The first permanent habitations that we know of were built by a man named George Gould (or Gold; spellings vary). He established the beginnings of a village which is now called Costilla, in New Mexico. Interestingly, he did so without any formal approval—the land he settled was owned by Carlos Beaubien, and Gould did not consult him before moving into the valley.

To be fair, Beaubien did not exactly acquire the land legally, either.

“Narciso Beaubien and Stephen Louis Lee were the original owners [of the Costilla Land Grand],” explained Dennis Lopez. But Narciso was only seven years old at the time he was issued the land- he was the young son of Carlos Beaubien. “He got the land by tricking the Mexican government.”

In 1849, three related families by the name of Manzanares came to the valley and (this time with permission from Beaubien) established a small farmstead not far north of Gould’s little village, but just north enough to be located in what is now Colorado. This little farmstead was called La Plaza de los Manzanares (or just Los Manzanares, for short) after the first family to settle there, but its name would later be changed to Garcia, after the man who petitioned the United States government for a post office in the town.

“This was common in those days,” said Lopez. “Post offices were named after whoever signed the request, and then towns were named after post offices.”

The town is still called Garcia today, and is located in Costilla County. (Confusingly, the town called Costilla is located in Taos County, New Mexico.)

Around the same time, possibly in 1849 or 1850, another settlement was being constructed just fifteen miles to the North of Los Manzanares. A group of settlers from Taos traveled there and arrived at their destination on the feast day of Saint Louis. In commemoration, they named their village—and later the entire valley—after this holiday: San Luis.

Both towns were being settled around the same time, and due to a lack of historical documentation it is very difficult to say which group of settlers broke ground first. As a result, for many years Garcia and San Luis were the center of some local controversy over which would be formally recognized as the oldest town in Colorado.

Our Lady of Guadalupe Church in Conejos, CO.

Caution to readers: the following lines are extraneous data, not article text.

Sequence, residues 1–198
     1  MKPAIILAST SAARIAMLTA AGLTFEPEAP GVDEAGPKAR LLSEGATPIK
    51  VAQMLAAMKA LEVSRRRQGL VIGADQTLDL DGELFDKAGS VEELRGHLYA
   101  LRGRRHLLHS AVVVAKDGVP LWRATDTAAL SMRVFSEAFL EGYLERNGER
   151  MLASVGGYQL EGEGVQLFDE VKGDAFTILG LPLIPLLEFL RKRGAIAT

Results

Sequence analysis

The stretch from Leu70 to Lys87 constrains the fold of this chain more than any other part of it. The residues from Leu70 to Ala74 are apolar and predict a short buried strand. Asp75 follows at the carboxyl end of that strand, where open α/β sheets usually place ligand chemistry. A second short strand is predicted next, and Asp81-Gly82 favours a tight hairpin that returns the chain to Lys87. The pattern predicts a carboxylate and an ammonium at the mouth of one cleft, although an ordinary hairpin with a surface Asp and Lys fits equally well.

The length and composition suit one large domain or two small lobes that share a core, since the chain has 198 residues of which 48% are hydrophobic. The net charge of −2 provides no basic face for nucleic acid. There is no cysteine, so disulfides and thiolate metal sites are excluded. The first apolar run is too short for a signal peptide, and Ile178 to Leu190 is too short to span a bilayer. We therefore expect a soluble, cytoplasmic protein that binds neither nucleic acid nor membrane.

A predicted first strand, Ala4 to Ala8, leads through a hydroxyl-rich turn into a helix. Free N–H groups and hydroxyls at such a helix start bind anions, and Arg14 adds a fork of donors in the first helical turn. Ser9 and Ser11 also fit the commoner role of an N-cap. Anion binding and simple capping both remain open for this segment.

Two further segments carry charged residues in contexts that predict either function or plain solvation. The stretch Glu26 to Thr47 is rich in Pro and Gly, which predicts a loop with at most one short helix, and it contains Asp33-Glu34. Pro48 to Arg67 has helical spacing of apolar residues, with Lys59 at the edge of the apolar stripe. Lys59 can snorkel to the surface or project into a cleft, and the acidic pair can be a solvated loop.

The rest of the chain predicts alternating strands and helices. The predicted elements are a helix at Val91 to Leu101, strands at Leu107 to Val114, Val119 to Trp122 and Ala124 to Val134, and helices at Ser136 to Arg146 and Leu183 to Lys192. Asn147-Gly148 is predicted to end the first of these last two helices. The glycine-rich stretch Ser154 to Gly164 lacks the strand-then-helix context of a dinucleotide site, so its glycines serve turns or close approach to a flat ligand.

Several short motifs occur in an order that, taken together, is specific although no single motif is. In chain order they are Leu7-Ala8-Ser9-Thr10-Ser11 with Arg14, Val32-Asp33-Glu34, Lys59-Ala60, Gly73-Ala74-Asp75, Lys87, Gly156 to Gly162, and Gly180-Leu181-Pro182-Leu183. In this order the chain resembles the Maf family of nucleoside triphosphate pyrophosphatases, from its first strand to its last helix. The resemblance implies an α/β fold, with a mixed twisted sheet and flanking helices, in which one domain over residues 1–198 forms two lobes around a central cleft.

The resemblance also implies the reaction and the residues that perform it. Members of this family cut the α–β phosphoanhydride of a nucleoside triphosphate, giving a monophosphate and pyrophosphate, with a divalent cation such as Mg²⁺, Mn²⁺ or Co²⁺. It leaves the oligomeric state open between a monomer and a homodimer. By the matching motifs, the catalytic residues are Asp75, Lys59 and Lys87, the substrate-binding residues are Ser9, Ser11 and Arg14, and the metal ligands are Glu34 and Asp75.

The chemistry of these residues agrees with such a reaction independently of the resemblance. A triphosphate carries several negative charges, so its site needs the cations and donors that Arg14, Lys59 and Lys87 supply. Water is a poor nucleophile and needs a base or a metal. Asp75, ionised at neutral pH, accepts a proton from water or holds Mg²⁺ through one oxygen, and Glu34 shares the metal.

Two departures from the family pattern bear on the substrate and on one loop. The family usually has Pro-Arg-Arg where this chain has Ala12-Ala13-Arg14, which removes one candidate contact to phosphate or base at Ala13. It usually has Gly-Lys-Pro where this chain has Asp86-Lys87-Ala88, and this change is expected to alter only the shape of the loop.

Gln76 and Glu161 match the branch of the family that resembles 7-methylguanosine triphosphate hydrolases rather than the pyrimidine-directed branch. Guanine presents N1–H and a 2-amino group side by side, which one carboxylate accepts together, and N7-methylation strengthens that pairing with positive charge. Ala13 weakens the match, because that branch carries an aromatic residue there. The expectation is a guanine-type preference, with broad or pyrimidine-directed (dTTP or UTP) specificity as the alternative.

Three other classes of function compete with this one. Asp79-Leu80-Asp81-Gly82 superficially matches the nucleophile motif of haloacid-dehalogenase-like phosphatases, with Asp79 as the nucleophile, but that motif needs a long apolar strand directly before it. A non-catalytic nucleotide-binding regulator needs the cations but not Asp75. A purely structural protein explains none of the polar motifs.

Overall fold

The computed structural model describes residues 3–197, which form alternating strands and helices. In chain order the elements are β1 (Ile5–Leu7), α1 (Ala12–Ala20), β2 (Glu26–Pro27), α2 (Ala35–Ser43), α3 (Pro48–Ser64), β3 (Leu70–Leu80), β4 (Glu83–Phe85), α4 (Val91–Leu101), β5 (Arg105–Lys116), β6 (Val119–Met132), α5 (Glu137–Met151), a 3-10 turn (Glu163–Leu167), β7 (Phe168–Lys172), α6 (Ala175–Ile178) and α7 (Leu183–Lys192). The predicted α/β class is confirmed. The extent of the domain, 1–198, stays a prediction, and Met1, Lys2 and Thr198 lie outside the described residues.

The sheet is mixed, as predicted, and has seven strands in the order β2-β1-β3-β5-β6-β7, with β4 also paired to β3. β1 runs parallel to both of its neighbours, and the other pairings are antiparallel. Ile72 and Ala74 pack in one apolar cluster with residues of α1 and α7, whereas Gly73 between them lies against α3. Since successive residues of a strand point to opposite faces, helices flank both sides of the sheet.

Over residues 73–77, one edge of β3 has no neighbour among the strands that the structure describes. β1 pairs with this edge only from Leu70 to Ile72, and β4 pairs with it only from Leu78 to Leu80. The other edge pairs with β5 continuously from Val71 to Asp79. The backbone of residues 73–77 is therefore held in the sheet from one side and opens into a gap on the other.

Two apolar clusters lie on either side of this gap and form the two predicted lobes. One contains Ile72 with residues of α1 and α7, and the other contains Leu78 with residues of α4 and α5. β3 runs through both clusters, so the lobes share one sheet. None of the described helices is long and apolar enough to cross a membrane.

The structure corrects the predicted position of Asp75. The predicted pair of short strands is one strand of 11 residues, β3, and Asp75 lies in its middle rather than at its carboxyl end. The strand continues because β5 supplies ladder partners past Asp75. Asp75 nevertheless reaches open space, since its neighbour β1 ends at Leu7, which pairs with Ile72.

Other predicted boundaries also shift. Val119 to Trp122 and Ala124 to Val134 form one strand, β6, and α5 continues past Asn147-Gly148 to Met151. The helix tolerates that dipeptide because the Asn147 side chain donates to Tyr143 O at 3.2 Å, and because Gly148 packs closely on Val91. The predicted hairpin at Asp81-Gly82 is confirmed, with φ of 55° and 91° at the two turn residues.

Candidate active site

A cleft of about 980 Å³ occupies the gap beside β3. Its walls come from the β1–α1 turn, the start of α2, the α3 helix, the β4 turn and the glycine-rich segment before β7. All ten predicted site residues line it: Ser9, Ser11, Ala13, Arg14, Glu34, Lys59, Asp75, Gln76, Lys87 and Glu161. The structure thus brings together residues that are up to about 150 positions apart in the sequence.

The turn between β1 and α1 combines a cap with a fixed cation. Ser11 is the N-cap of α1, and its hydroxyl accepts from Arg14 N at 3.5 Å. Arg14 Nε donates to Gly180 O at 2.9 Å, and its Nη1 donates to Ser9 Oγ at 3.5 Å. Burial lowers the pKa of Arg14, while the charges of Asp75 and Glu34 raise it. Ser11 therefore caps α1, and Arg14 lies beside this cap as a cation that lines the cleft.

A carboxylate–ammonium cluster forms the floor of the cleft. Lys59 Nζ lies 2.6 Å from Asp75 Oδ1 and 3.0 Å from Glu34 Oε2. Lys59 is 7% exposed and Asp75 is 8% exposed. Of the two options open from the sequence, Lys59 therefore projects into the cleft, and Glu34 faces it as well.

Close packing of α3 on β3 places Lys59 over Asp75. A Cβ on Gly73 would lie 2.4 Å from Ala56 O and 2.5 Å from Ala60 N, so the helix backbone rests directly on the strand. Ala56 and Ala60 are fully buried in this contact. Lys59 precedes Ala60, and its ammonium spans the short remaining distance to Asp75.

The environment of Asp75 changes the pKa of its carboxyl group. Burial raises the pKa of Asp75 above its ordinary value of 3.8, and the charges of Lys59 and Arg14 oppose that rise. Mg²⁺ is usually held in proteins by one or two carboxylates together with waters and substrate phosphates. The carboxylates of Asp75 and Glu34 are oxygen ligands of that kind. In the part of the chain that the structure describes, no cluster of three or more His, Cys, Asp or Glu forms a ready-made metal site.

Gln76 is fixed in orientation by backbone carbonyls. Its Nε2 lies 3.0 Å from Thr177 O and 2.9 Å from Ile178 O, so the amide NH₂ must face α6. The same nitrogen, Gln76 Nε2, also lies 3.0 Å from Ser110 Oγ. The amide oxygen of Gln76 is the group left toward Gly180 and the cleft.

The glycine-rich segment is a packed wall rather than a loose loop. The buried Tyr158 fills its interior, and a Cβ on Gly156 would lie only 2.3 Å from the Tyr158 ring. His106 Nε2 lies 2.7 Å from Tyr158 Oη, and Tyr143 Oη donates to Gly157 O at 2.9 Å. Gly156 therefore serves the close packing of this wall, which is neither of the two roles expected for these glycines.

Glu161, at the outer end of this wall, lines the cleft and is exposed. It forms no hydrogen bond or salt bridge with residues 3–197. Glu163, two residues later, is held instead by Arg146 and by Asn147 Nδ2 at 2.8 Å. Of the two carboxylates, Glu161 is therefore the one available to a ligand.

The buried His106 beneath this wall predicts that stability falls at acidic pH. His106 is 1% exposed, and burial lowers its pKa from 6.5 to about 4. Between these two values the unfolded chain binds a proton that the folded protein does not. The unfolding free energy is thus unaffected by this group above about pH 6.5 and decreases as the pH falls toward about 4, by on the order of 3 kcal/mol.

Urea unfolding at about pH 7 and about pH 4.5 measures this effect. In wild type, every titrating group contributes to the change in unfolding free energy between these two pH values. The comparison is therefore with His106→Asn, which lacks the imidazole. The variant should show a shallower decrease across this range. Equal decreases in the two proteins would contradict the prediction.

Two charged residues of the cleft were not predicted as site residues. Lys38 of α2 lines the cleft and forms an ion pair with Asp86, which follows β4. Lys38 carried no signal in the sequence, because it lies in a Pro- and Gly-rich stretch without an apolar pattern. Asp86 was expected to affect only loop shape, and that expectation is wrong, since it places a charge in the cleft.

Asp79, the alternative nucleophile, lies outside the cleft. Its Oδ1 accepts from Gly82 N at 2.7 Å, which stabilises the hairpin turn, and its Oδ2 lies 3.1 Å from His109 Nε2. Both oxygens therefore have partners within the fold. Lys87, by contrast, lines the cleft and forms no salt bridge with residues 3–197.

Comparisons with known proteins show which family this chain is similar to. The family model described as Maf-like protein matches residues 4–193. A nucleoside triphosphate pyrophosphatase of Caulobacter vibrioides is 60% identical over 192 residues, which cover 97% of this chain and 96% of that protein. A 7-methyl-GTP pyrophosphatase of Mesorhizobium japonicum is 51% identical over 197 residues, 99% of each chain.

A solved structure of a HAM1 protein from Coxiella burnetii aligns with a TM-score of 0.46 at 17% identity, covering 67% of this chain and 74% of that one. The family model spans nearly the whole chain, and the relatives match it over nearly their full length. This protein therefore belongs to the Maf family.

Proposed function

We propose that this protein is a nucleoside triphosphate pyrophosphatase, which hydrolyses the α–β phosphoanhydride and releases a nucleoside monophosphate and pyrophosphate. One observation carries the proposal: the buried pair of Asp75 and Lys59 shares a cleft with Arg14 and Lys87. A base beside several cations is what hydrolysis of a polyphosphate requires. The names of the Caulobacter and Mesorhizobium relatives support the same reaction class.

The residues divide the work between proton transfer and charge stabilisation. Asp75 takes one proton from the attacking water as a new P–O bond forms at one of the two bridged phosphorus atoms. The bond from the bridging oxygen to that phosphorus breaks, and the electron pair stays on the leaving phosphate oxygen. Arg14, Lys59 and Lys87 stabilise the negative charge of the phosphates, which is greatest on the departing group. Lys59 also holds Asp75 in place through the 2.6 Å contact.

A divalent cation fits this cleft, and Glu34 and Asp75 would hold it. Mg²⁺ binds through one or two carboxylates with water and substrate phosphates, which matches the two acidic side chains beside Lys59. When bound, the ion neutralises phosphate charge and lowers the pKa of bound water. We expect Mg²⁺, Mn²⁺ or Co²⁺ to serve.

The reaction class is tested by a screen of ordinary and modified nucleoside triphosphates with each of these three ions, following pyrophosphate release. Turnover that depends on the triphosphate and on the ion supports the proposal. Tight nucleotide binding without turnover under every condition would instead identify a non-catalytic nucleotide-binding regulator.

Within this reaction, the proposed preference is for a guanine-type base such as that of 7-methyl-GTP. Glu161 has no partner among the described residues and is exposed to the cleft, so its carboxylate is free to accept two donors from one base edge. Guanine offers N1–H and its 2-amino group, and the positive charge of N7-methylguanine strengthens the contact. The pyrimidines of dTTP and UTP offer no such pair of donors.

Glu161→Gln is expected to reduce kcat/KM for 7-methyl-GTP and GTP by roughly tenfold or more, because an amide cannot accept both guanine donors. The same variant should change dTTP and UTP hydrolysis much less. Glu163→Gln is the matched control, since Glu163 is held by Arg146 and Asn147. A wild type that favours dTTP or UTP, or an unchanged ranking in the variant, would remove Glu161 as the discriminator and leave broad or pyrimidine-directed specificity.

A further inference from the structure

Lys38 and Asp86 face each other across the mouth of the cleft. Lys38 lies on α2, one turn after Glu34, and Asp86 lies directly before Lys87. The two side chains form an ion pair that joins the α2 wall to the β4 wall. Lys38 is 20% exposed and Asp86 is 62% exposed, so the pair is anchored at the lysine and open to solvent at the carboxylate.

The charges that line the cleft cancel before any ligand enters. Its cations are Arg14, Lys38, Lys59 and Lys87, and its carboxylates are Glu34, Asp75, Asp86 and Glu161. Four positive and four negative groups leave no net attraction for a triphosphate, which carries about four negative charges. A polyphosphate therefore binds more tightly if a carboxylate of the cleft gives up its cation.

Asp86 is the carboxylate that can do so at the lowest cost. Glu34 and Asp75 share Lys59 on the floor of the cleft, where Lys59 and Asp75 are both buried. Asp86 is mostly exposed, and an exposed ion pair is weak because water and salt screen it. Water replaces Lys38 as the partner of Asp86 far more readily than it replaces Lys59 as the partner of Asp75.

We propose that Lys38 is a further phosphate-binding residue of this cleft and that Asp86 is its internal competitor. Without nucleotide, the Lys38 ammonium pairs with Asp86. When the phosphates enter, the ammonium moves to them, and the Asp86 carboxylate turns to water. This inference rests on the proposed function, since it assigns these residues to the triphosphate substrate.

The Our Lady of Guadalupe Church in Conejos is one of the oldest churches, and among the oldest still-standing buildings, in the state.

“When I was a child, the different towns wanted that claim,” said Dennis Lopez, remembering the controversy. “They were just verbal claims, but it became confrontations and controversy. But that died down, when the state government officially recognized San Luis [as the oldest town].”

While it is difficult to say which town had permanent habitations built there first, it is relatively easy to check official records and documentation. San Luis was officially incorporated as a town by the Colorado Territorial Government in 1852, the first place in the state to receive such recognition.

“Incorporation brings with it a kind of status,” explained Dr. Saenz, “and a notable paper trail.”

Furthermore, San Luis was also the first town to receive official water rights from the territorial government. Between these two methods of official recognition, and with the fact that Garcia has never been incorporated as a town in all 170 (and counting) years of its history, the State of Colorado officially declared San Luis to be the oldest still-inhabited town in the state.

According to both Lopez and Saenz, the controversy has quieted since then, and for most has become more of a local curiosity than a point of fierce contention.

“The overwhelming majority of people recognize San Luis as the oldest town in the region,” said Dr. Saenz. “And there’s a general understanding that all of the Hispano settlements of the southern San Luis Valley are among the oldest in the state. I would argue that claim makes an important statement about the centrality of those communities to the emergence of Colorado as we know it today. It refigures how we think about Colorado history.”